Wood exploitation for a major pre-colonial West African iron production centre (Bassar, Togo)

Abstract : Local iron production played a major role in the pre-colonial West African economy and certain metallurgical centres operated on an industrial magnitude. One of them is the Bassar area in central Togo where the onset of iron metallurgy is considered to date back to the 3rd-4th century BC, even though only from the 14th century AD onwards the area experienced distinct production intensification. High-level iron production lasted as late as the early 20th century. Bassar iron metallurgy was often considered to have caused massive deforestation and vegetation degradation, mainly due to wood exploitation for charcoal production, specifically to fuel iron smelting furnaces. The study presented here is the first to test this assumption using anthracological methods, supplemented by ethnohistorical interviews and archaeometallurgical investigations. The focus of our investigations is on two sites, Tchogma and Tatré. The charcoal assemblages at both sites and during all production periods are dominated by trees and shrubs with dense wood. According to our ethnohistorical interviews, hard wood species were considered particularly suitable for iron smelting, including several species with a strong capacity to re-sprout after coppicing. The taxon composition of the charcoal assemblages from metallurgical waste heaps generally corresponds to the oral traditions. In addition to the taxa mentioned by the interviewees, useful fruit trees such as the shea butter tree (Vitellaria paradoxa) were regularly used as fuel for ironworking. This demonstrates the exploitation of agroforestry parklands, which is providing evidence that arable land was already occupying a vast land surface of the Bassar area. The results of our study seem inconsistent with the previous idea of massive vegetation degradation due to the impact of wood exploitation for iron metallurgy in Bassar. Three main factors contradict previous general deforestation assumptions: 1. The anthracological results indicate the use of taxa with the ability to re-sprout, which probably allowed for fast woodland regeneration; 2. We consider the area to possess a higher biomass reproduction capacity in comparison to areas further north investigated in our previous studies; 3. The development of local craft specialisation scattered the impact of wood use on the Bassar landscape, thereby, preventing complete local deforestation. Our re-evaluation of Bassar slag amounts indicates fuel consumption was higher than previously thought. The over-exploitation of certain preferred taxa, particularly species with a restricted capacity to re-sprout, and local vegetation changes around the smelting sites is likely, although such modifications are not unequivocally reflected in the charcoal data.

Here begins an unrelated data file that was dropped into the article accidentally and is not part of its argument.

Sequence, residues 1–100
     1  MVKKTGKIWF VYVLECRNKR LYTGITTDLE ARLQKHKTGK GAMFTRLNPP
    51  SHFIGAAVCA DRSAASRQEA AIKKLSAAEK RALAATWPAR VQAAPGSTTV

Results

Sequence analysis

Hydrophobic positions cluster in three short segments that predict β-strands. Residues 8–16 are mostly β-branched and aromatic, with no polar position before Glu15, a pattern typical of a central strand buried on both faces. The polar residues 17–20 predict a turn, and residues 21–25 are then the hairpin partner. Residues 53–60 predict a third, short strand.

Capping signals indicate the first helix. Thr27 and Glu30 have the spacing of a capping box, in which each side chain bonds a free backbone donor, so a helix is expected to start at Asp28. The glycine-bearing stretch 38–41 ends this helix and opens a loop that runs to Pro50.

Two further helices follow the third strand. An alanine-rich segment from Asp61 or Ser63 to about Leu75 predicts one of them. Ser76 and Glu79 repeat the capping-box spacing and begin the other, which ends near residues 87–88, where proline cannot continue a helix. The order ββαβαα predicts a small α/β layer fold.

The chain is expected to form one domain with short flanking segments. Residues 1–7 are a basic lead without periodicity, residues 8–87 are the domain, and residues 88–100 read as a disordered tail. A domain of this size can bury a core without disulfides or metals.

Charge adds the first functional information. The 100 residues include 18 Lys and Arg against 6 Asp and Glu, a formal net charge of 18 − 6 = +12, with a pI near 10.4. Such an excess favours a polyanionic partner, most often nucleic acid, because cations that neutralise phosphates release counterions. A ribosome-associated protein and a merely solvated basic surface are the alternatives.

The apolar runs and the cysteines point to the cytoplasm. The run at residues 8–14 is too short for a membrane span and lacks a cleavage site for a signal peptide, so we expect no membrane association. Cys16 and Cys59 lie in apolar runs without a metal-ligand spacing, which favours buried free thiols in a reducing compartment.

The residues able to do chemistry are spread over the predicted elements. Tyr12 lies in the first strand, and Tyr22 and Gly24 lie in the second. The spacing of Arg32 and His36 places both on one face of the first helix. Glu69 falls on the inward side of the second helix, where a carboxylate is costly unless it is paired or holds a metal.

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Barbara Eichhorn, Caroline Robion-Brunner. Wood exploitation for a major pre-colonial West African iron production centre (Bassar, Togo). Quaternary International, Elsevier, 2017, 458, pp.158-177. ⟨10.1016/j.quaint.2017.08.073⟩. ⟨hal-02010497⟩

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